"They were basically incubators for him, and that's how good a stallion he is, which is just so cool. He moves his mares up, and now it's fun to see him getting the better mares and move them up, as well, which is hard to do."
After four years at Country Life, Malibu Moon was able to break into Kentucky when the Pons family sold 25 percent of their interest in him to Castleton Lyons, and he was relocated to the picturesque facility in Lexington.
Malibu Moon continued to produce strong, precocious runners, and he proved his early success was not just the product of being a big fish in a regional pond.
"Some horses start off with a bang in regional markets, then they come to Kentucky and, as the quality of their book improves, the results don't always match up to that," said Spendthrift Farm General Manager Ned Toffey. "As the quality of mares have improved, the quality of his results have improved with it, and that's a wonderful thing to see because it's not always the case.
"The nice thing is, his most expensive crops are just now coming to the races, so knock wood; hopefully, we're just going to see more of the same."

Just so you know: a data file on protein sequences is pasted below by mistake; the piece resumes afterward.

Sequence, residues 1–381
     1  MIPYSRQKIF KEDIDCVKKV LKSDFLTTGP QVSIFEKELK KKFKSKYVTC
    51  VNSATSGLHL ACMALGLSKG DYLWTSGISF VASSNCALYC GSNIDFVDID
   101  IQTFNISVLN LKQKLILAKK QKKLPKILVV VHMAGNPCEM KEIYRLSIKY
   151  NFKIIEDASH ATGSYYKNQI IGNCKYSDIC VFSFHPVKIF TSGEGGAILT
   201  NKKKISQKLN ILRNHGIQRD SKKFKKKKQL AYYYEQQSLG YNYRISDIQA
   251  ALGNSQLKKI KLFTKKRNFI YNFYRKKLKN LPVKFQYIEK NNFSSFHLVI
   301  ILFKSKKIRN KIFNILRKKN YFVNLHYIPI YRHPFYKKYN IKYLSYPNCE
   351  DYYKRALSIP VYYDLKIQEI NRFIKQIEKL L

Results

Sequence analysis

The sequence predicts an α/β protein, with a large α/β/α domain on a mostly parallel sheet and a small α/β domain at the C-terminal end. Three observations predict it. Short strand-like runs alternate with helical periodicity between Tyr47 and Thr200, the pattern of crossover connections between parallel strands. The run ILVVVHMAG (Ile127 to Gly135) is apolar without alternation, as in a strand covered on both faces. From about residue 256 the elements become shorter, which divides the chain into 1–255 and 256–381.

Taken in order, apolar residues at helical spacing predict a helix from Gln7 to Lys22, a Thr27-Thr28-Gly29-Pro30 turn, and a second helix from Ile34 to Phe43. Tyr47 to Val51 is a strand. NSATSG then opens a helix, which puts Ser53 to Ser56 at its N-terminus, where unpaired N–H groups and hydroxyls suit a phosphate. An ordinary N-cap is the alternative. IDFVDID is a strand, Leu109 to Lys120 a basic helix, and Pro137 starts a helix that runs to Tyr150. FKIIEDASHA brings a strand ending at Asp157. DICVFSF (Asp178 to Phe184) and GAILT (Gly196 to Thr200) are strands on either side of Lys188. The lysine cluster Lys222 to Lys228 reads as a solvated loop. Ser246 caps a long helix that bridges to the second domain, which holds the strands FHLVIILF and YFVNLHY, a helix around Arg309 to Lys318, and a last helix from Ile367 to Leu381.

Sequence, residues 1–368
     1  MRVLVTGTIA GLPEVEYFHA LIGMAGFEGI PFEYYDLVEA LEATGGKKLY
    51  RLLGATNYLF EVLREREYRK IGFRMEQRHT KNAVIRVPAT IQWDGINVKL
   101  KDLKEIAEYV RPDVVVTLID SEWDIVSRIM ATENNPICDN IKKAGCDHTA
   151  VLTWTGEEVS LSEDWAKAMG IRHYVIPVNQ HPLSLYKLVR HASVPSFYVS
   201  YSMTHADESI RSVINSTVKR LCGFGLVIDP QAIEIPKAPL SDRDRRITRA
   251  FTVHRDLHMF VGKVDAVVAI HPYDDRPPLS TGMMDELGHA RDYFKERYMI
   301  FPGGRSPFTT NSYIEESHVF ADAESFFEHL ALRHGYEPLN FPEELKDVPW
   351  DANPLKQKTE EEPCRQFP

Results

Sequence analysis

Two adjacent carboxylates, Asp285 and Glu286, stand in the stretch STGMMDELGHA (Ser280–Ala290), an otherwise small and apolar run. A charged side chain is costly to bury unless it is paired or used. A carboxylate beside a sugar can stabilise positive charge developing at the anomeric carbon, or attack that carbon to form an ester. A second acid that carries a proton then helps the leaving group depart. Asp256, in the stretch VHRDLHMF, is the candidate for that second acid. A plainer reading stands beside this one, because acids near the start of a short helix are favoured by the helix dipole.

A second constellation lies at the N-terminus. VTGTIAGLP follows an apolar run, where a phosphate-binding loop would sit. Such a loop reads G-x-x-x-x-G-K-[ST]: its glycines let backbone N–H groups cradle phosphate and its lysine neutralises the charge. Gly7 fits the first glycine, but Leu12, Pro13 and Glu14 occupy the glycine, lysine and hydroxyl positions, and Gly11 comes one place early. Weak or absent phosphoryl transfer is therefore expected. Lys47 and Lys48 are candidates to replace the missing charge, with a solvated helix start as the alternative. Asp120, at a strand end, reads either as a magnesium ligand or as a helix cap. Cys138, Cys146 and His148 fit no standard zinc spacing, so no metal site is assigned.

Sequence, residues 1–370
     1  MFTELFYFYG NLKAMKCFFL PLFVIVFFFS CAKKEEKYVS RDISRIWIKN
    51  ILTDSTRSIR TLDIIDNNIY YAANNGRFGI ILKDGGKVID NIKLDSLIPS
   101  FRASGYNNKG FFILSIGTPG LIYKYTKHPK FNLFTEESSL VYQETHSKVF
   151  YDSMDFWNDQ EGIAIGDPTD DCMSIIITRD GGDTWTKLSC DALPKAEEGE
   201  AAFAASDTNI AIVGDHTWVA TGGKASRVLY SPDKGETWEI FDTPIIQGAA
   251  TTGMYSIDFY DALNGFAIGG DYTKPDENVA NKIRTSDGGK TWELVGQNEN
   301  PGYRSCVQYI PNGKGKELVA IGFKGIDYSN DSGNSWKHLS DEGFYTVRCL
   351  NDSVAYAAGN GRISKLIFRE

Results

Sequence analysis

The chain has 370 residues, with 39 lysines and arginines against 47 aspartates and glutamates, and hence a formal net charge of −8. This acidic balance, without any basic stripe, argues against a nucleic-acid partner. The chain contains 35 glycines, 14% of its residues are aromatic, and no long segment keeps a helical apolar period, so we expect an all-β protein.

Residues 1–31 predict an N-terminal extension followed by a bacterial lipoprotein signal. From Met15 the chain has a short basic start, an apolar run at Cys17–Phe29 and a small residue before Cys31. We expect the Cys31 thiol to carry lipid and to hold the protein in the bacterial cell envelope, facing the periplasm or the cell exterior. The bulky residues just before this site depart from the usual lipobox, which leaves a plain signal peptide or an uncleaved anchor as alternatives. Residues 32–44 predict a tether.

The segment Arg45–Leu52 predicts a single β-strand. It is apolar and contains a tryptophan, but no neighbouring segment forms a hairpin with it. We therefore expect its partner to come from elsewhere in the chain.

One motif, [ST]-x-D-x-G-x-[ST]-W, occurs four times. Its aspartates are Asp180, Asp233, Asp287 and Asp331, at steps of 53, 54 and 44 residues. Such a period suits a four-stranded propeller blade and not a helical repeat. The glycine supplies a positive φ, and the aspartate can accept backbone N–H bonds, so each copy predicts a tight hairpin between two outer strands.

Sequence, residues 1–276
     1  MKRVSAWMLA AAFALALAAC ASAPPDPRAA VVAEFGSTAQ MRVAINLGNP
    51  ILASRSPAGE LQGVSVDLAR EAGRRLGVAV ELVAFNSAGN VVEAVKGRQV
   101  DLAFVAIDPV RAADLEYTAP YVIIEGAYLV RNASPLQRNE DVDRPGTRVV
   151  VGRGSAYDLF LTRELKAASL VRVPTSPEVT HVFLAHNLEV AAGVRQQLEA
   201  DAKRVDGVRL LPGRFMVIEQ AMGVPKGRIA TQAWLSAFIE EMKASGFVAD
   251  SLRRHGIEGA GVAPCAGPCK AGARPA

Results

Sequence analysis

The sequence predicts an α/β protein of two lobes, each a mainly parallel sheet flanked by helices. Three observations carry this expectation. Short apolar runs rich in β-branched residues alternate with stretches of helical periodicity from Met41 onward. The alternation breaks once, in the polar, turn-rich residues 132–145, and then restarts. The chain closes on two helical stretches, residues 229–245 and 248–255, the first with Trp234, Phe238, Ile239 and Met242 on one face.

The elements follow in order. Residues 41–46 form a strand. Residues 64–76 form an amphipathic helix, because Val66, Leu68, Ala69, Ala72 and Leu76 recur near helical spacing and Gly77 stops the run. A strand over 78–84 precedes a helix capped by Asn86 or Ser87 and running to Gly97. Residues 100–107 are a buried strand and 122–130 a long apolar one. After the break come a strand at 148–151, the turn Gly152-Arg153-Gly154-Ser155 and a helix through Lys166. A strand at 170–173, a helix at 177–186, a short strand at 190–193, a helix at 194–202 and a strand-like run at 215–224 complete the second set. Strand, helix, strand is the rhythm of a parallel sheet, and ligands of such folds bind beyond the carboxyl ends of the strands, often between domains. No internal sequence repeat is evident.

By 2007, Malibu Moon's fee had risen to $40,000. After Castleton Lyons farm owner Dr. Tony Ryan died in October of that year, Hughes shifted the sire to his own facility for the 2008 season.
While a majority of his top runners, including Grade I winners Malibu Mint, Life At Ten, Funny Moon, Devil May Care and Malibu Prayer, have been female, one trait that appears consistent in his offspring is their ability to outfight the competition at all distances.
Malibu Moon even had a contender on the Triple Crown trail this season in Grade III winner Odysseus, who was euthanized on Aug. 9 because of complications from laminitis.